Want to get ahead? Learn a language
Senior UBS economist George Magnus offers advice on the future of entrepreneurship
SENIOR UBS Investment Bank economic adviser George Magnus has some useful advice for budding entrepreneurs: “Learn Mandarin.”
The 57-year-old, whose role involves identifying investment opportunities and risks in the global economy, sees “the big opportunities” in Asia. “This continent, spanning from the Middle East to China and Japan, is defining our history and dictating the pattern of globalisation,” he tells Business.
“Natural resources, water and climate change are all going to define our future, and there will be plenty of risks, as well as opportunities to both do something useful and make money.”
Mr Magnus has specialised in international economics since the early 1970s. He was appointed to his UBS post in 2004, after serving as the bank’s chief economist from 1997. Prior to this, the North Londoner was the chief international economist at premerger UBS and chief economist at SG Warburg.
Not bad for someone who received an E for his economics A level and did not complete his PhD at the University of Illinois. “I got bored with academia and the US mid-West and hankered after money,” he confesses, “so I came back to England and, much against my prior beliefs, went to work.”
His biggest “bummer” followed 20 years with a variety of major UK and US banks — being fired from SG Warburg, which was taken over by Swiss Bank Corporation, “a traumatic experience, which disoriented me a lot”. Yet two years later, Mr Magnus was invited back to become the chief economist — and the man doing the firing.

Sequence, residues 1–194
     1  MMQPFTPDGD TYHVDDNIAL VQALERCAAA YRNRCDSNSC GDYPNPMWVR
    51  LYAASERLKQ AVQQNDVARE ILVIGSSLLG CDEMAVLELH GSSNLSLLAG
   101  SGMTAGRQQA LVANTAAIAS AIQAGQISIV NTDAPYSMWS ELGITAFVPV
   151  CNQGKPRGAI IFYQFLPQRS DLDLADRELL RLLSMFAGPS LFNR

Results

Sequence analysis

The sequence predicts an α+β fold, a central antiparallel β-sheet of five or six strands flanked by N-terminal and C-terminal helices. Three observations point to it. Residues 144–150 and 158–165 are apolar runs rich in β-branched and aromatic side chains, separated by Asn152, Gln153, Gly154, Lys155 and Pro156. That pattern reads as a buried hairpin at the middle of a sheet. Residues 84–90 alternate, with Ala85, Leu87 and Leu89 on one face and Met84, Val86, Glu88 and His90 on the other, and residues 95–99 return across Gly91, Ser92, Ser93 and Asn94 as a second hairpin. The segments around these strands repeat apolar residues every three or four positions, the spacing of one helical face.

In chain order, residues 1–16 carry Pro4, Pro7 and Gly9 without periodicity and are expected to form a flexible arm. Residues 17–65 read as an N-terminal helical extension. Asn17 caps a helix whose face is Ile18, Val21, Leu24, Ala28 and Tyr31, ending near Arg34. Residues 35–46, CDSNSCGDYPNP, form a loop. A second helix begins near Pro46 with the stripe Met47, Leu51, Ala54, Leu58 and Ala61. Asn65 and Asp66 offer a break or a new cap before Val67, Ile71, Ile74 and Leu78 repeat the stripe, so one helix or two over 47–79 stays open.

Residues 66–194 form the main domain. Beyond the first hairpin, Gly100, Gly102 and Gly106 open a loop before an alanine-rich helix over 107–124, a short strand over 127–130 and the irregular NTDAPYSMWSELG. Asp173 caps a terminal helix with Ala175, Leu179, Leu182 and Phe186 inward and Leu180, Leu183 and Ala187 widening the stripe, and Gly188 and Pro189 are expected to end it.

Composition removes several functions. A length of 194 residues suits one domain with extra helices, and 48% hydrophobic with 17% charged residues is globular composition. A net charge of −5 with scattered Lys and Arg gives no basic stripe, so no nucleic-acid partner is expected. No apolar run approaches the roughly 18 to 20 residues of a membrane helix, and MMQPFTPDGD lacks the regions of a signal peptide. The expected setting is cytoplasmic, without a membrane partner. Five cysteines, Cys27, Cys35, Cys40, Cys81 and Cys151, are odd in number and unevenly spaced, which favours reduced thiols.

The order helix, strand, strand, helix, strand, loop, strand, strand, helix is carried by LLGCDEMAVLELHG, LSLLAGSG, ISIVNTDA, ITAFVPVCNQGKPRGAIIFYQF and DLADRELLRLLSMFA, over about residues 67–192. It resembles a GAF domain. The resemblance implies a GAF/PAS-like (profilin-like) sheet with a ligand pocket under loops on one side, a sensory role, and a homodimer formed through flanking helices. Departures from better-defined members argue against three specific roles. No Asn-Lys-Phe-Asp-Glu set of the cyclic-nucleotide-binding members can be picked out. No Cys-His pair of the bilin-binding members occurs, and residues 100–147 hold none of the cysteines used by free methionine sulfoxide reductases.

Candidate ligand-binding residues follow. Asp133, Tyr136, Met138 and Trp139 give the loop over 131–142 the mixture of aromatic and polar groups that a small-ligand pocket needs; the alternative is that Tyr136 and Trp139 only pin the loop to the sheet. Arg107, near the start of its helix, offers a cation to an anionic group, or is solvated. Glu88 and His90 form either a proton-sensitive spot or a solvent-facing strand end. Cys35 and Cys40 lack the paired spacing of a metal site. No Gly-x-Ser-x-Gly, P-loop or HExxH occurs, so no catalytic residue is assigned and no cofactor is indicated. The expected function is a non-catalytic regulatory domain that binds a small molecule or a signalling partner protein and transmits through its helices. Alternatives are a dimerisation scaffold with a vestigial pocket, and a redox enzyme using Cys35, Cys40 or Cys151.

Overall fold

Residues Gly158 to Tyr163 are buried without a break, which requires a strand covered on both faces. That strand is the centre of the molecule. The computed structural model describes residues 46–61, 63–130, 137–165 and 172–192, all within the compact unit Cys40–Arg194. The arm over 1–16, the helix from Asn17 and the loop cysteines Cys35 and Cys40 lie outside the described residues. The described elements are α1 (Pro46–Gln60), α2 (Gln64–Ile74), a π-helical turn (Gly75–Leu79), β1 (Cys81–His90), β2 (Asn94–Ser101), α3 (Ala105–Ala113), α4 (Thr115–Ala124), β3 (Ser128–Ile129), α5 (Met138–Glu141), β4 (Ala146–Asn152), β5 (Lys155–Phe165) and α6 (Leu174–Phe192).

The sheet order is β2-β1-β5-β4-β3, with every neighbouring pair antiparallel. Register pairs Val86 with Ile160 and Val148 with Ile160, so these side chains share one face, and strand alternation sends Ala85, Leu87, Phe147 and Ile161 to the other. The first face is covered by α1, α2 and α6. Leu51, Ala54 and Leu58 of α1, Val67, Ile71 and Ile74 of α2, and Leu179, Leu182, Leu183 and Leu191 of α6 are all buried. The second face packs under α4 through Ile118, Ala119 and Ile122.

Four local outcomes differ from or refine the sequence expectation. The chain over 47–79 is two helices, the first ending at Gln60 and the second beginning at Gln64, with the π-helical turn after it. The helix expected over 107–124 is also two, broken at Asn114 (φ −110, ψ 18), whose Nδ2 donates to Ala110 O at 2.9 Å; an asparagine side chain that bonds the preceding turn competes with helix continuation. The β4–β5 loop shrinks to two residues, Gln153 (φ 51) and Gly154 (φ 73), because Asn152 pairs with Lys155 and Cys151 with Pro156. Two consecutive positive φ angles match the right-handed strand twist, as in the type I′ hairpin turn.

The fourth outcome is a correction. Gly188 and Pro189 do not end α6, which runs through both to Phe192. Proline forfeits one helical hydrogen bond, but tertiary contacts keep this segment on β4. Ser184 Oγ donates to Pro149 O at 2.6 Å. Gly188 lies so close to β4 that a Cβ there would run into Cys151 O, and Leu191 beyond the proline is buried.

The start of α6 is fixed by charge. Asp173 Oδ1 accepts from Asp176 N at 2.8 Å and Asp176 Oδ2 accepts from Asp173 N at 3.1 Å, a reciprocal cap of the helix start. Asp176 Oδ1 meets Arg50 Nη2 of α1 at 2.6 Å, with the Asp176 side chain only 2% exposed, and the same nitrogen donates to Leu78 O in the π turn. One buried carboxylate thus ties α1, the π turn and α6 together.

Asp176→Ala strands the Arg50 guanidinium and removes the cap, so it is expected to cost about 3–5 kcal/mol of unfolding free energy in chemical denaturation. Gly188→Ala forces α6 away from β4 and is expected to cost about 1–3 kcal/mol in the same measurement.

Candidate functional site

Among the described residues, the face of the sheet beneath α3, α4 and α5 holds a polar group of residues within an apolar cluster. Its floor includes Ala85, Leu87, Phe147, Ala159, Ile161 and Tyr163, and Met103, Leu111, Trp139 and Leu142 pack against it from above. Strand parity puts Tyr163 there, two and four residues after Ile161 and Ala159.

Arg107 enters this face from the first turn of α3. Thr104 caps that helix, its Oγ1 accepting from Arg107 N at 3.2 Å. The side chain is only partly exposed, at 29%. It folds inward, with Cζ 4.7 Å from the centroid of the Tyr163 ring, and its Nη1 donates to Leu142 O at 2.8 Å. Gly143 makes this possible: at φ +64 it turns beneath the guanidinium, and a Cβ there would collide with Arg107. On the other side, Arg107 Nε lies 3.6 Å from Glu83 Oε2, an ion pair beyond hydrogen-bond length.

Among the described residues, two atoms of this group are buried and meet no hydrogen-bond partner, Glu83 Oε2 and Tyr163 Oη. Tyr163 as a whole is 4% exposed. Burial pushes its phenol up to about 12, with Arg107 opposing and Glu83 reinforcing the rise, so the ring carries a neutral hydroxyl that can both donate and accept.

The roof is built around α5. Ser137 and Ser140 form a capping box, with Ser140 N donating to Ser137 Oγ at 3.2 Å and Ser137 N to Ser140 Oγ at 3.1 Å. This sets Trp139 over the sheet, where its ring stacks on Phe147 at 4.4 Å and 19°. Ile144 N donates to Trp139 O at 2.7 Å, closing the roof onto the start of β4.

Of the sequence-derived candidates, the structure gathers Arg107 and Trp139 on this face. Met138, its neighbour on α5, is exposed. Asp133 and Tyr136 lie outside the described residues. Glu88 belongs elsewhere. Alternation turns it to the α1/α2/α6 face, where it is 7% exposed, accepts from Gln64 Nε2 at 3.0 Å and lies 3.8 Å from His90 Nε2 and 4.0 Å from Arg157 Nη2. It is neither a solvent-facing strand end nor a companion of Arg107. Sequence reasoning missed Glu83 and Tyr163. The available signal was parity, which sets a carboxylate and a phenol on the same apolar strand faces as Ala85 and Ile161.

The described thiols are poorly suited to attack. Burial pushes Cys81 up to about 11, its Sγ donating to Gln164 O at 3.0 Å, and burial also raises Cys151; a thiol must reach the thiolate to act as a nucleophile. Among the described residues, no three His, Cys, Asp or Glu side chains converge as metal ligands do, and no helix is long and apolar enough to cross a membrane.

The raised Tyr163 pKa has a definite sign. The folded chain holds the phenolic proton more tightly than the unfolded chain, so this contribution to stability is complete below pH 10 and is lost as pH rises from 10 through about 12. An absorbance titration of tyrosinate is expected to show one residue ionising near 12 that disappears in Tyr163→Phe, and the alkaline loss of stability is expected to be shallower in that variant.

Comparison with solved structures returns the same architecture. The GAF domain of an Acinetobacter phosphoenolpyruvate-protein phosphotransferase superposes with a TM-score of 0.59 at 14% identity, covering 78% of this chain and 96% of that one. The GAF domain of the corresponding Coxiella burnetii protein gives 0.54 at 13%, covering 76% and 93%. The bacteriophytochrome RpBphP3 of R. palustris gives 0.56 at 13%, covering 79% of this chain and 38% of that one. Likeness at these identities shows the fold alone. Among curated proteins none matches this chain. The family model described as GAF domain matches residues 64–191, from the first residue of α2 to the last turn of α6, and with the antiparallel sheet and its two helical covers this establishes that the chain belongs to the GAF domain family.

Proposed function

He has a simple explanation for the popularity among Jews of investment banking as a profession: “Money. But I jest a bit. I suppose that historically Jews, by virtue of having been discriminated against or excluded by vested national interests, turned to or were forced into finance and banking. However, I don’t accept this stereotypical view that we are all about money and dealing with money.”
He adds that investment banking is attractive because “inside the industry, there is a range of skills and activities that spans trading, selling and client-account management, research, managing risk, IT, human resources, operations and organisation, clerical and secretarial support and much else.
“The fortunes of investment banking are strongly correlated with economic growth, strong financial markets, innovation and globalisation and we’ve had these four phenomena in spades for a long time.
“Banks have played a central role in facilitating and financing in these spheres, and the financial gains have trickled down from top-floor management and the hot-shot traders we read about, all the way to middle management and [other] employees from the post-room to the trading floor.”
Mr Magnus has now decided to “trade income for leisure and lifestyle”, opting for a deal whereby he passes on management and administrative duties but continues to be involved in research and client interaction. “And I imagine that will continue for the next few years. I’m just not that driven at the moment to dash out and buy a Maserati or a Tuscan villa.”
In his “semi-retired” role, the fatherof-four is enjoying taking on more writing and lecturing, “which gives me great pleasure”. He is writing a book on the implications of the ageing population and has “a fairly long list of things that I want to do more work on”.
The music-loving Liverpool fan also enjoys spending time with his family: wife Lesley and children Daniel, 27, Jonathan, 25, Rachel, 15, and Ben, 10, and “horsing around” on his Fender guitar and Marshall amplifier, acquired with part of one bonus. “I also love reading, history and politics, and enjoy swimming, travel, cycling and doing killer Sudokus.”
George Magnus: “I’m just not that driven at the moment to dash out and buy a Maserati or a Tuscan villa”